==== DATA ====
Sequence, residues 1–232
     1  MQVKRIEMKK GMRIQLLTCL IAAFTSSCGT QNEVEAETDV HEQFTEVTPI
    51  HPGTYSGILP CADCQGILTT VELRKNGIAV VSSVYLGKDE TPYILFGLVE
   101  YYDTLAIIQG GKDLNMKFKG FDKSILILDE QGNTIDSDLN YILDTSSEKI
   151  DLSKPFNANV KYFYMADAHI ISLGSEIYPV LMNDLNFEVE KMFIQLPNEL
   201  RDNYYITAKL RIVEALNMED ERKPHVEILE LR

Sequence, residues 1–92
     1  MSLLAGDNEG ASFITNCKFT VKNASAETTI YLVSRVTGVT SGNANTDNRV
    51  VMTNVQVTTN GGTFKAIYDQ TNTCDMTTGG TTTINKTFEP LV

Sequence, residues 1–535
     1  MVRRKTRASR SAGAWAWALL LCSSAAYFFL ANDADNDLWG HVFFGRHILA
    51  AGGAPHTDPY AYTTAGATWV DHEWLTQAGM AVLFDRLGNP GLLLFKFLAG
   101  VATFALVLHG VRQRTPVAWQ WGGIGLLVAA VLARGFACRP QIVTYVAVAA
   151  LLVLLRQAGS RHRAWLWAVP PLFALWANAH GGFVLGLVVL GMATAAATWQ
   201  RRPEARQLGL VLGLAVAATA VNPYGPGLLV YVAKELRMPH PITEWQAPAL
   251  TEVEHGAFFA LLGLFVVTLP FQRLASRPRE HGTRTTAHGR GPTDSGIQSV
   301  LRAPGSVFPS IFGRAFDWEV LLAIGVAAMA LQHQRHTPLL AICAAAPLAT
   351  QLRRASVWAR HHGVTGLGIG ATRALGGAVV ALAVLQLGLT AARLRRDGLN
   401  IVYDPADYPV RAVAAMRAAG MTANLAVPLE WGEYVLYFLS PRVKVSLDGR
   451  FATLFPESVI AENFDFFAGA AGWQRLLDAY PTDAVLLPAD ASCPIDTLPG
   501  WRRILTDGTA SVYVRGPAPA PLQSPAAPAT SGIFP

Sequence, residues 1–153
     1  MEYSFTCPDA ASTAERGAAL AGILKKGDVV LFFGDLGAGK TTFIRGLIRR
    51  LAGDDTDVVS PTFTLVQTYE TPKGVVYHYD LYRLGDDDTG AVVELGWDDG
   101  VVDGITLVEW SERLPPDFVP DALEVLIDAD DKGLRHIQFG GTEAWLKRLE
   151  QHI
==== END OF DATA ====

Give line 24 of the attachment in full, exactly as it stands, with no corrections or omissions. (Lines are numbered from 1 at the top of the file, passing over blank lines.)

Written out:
    51  LAGDDTDVVS PTFTLVQTYE TPKGVVYHYD LYRLGDDDTG AVVELGWDDG